"The ratings downgrade itself is largely inconsequential, other than the reminder it serves that fiscal profligacy has consequences," said David G. Eichhorn, CEO and head of investment strategies at NISA Investment Advisors, in an email. "Most notably, whether through future fiscal policy of relative austerity or monetary reaction to the continued disregard of deficits, the bill will eventually come due that will inherently be a drag on U.S. growth."
"My concerns are regarding the 'sovereign ceiling rule,' which stipulates that a corporation's debt rating cannot exceed that of the country where it is incorporated," said Charles Van Vleet, assistant treasurer and CIO of pension investments at Textron Inc., Providence, R.I., who oversees $13 billion in retirement plan assets, in an email. "Currently, the ratings agencies have not made their stance clear on whether they intend to enforce the sovereign ceiling rule in the U.S."
Fitch later on Wednesday issued a release that said the downgrade of U.S. debt "will not trigger negative ratings actions for U.S. non-financial corporates, since there are no direct linkages to the sovereign rating."
Alec Phillips, Washington-based chief U.S. political economist in the U.S. economics group within Goldman Sachs' global investment research unit, wrote in a Wednesday note that Fitch's downgrade "mainly reflects governance and medium-term fiscal challenges, but does not reflect new fiscal information."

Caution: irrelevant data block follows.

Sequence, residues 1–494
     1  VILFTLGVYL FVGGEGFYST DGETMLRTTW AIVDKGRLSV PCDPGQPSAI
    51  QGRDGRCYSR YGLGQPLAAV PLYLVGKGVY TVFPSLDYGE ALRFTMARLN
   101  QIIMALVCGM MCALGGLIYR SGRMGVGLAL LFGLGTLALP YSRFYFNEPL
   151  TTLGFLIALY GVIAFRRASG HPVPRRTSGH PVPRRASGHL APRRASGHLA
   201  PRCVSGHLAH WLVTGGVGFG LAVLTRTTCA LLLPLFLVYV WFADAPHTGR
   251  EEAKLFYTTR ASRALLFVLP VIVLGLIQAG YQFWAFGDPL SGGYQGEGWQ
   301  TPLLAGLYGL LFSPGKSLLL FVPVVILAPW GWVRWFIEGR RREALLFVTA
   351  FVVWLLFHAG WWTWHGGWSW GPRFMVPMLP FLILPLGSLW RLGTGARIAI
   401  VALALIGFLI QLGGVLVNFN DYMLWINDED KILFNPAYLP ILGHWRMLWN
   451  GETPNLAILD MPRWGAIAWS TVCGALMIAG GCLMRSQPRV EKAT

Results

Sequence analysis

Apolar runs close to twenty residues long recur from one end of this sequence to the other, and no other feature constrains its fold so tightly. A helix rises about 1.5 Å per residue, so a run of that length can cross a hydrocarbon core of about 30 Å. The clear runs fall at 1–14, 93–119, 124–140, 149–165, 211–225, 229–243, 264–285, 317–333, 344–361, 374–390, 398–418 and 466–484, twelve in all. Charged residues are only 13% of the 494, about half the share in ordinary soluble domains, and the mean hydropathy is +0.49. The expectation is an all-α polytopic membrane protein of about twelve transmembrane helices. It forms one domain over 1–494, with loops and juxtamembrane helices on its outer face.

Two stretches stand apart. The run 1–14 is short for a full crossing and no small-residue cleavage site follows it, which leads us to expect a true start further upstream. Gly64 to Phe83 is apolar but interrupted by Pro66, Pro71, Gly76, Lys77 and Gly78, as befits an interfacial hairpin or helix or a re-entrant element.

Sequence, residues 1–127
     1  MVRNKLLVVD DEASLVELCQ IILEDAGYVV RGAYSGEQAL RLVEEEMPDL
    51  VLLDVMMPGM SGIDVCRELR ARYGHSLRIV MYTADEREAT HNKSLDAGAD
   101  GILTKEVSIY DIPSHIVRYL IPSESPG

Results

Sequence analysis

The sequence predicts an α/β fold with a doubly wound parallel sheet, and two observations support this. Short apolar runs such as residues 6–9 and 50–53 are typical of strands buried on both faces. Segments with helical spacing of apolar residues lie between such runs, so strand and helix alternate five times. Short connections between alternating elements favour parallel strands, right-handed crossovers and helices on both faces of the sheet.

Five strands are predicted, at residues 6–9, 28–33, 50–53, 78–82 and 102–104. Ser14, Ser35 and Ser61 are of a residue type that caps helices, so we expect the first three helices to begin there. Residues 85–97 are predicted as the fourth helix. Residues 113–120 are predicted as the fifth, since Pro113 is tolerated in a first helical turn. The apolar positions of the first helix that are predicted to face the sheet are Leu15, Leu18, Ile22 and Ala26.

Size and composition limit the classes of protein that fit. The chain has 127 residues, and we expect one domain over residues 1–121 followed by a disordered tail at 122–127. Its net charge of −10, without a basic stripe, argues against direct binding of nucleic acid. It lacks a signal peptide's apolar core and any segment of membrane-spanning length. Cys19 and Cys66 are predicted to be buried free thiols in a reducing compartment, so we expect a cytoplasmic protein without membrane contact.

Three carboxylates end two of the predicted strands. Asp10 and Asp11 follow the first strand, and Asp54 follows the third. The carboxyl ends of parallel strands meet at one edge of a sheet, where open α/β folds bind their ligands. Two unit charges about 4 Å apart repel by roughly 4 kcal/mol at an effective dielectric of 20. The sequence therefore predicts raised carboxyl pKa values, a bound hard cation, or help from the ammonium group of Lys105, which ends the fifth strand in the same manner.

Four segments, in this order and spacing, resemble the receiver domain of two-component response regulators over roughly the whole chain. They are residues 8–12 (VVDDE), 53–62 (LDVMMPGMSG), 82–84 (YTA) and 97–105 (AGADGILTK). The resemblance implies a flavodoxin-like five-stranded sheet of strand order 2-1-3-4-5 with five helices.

As such, Mr. Phillips noted, the downgrade should have "little direct impact" on financial markets since it is unlikely that there are "major holders of Treasury securities who would be forced to sell based on the ratings change."
He also said that when ratings agency S&P downgraded the U.S. sovereign rating in August 2011, it led to a "meaningfully negative impact on sentiment," but resulted in "no apparent forced selling at that time."
Goldman Sachs had about $2.7 trillion in AUM as of June 30.